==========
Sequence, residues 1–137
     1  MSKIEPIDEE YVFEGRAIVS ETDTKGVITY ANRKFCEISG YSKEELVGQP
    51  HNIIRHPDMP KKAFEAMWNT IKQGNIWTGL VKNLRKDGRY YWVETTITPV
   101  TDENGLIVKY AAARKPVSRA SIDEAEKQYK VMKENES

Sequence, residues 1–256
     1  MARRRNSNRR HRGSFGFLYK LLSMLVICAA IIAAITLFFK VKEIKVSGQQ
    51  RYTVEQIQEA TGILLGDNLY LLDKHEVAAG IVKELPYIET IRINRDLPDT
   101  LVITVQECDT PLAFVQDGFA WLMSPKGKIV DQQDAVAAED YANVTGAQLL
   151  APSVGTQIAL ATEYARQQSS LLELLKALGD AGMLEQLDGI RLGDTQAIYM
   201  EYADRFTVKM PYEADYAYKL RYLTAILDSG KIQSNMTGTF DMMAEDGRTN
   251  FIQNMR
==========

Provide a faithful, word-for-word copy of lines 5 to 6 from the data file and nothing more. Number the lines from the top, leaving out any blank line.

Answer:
Sequence, residues 1–256
     1  MARRRNSNRR HRGSFGFLYK LLSMLVICAA IIAAITLFFK VKEIKVSGQQ